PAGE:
Saturday, September 1, 2012

Random Thoughts Of An Old Conservative Friend

I actually wrote an intro to this blog when I first posted it several days ago, but for some reason it was lost. So, here it goes again. This blog is from a face book message from my old friend, Garry Wilmore. Garry and I met when we were Mormon missionaries in Santa Ana, El Salvador, a few months before I returned to the States in 1973. Garry was focused on politics even then and would often find time to read "National Review" along with the scriptures and many times would do his impression of William F. Buckley Jr.--one of my favorite characters from his "Firing Line" PBS show--much to my amusement. As he mentions below, he and I watched the 1980 election results and celebrated out mutual hero's (Ronald Reagan) victory that night. Garry and I share a love of conservatism and our religious faith. I wanted to share Garry's thoughts here because they mirror mine and because I enjoy his literary gifts. He can express my thoughts even better than I can without the tendency I have to throw an occasional barb. Sorry, that's me. So, here is what Garry had to say. See if you don't agree:

These are some random thoughts I'm sharing with a few people who I figure are likely to agree with them. I am not sharing them on my main Facebook page because I am tired of all the sniping that goes on there regarding political issues. Some of it is downright vicious. I believe people can disagree while still being civil, but apparently that idea has gone largely out of fashion now. If I mention that I am now convinced that Obama is actually a worse president than Jimmy Carter -- which, let's face it, was one tough accomplishment -- that makes me a racist. I support traditional marriage and took part in the Chick-fil-A appreciation day a few weeks ago, so I am a hatemonger, too. I am religious and a member of a church with a strict moral code, which makes me close-minded and intolerant and of the same spirit as the Taliban. I want to impose my narrow and bigoted worldview on humanity in general. And because I actually LIKE Mitt Romney and Paul Ryan, I'm also, on top of all the foregoing, an empty-headed idiot. Etcetera, etcetera.

So with all that in mind, here are my observations. Discussion and comments are invited, of course.

1. I am actually starting to think Romney might pull this one off. One good reason for this -- and others will follow below -- just occurred to me a couple of days ago, and I haven't seen or heard it mentioned by anyone else. After the '08 campaign, Ann Romney told her husband that was it, and they weren't going to go through that ordeal again. Four years later, Mitt wasn't inclined to make another run, but Ann, having had a change of mind, talked him into it. A woman's intuition is something to reckon with, and I suspect Ann Romney's is exceptionally good. Does she know something that the rest of us don't? I wouldn't be at all surprised.

2. Even Paul Ryan's detractors admit that he at least is someone to be taken seriously, and his designation as Romney's running mate says something good and reassuring about the candidate. Romney isn't afraid of being upstaged by Ryan, which tells me he is not insecure at all. Ryan is a serious policy wonk. His speech last night reminded me of Reagan. Romney did very well to choose him, and the thought of him being next in line for the Presidency does not trouble me at all. Meanwhile, last night my wife said she is anxious to see Paul Ryan debate Joe Biden in a few weeks. Using language I employ only rarely, and then only regarding something I feel VERY strongly about, I responded by telling her that "I hope he kicks Joe Biden's ass." He probably will. Biden is an idiot, which apparently even some Democrats are willing to concede. I can sympathize with his propensity for gaffes and maloprisms, which is a trait I share with him, but I am not a public figure, to say nothing of being one heartbeat away from the Presidency.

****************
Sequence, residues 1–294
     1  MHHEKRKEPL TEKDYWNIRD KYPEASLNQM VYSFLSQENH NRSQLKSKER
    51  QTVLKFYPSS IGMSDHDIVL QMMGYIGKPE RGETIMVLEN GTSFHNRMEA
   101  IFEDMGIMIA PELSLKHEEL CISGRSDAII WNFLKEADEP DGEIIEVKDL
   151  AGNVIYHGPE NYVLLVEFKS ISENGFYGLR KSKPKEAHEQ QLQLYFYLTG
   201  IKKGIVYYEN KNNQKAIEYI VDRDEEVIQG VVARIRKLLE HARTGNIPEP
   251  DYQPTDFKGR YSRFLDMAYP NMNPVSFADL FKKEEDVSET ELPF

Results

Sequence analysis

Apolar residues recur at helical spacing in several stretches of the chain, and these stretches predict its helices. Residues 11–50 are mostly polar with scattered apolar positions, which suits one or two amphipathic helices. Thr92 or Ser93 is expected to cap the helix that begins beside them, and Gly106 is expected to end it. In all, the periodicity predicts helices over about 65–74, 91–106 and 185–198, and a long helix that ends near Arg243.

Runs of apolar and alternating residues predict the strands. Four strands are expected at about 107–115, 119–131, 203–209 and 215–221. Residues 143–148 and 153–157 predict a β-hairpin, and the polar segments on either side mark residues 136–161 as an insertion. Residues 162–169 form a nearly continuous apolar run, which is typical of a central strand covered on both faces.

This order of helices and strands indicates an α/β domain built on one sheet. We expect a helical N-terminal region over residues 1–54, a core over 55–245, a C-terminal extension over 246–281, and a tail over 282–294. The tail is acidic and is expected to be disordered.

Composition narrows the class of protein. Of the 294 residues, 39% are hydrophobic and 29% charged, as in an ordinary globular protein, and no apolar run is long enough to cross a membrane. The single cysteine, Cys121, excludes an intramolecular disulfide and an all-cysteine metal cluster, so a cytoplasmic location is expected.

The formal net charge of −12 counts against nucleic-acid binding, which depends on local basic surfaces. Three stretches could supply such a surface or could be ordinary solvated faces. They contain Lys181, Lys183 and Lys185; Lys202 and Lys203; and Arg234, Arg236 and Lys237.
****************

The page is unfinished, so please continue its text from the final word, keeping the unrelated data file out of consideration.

3. Finally, this is starting to feel eerily like 1980. I was a Reagan supporter all the way through, but by Labor Day that year I was starting to realize that in addition to not believing Jimmy Carter was a good president, I actually disliked him as a man. The Reagan campaign brought out Carter's mean and ugly side, which, as bad as it was, pales next to Obama's. I can no longer subscribe to the popular notion that Barack Obama is a likeable man, whatever his failings might be as President. And I have disliked Michelle ever since her contemptous remark last year, at some public ceremony, that all that fuss was being made over "just a flag." She clearly hasn't a clue what the country is about, and one cannot imagine Laura Bush or Nancy Reagan saying such a thing. (Even if Nancy had, her husband would surely have chewed her out right then and there!)

Now, here is one other similarity to 1980, and I hope this one pans out the same way. Reagan was behind in the polls for a long time, and while the gap gradually narrowed, as late as the evening before the election the network anchors were all saying it was too close to call. We all know what happened the next day. (Randy, I watched the returns that evening with you and your wife, remember?) 

I wish Barack Obama a long life and a successful career in what he appears to be best at, which is community organizing in Chicago. I don't believe he should teach constitutional law anymore, however. I question how well he even understands the subject, but I think his contempt for the Constitution is pretty obvious. 

And if Romney is elected, I think he will surprise a lot of people. I believe he has the potential to be the best president since Reagan. And I wouldn't mind seeing Paul Ryan in the White House someday as well, although I don't want that to happen for at least eight more years.

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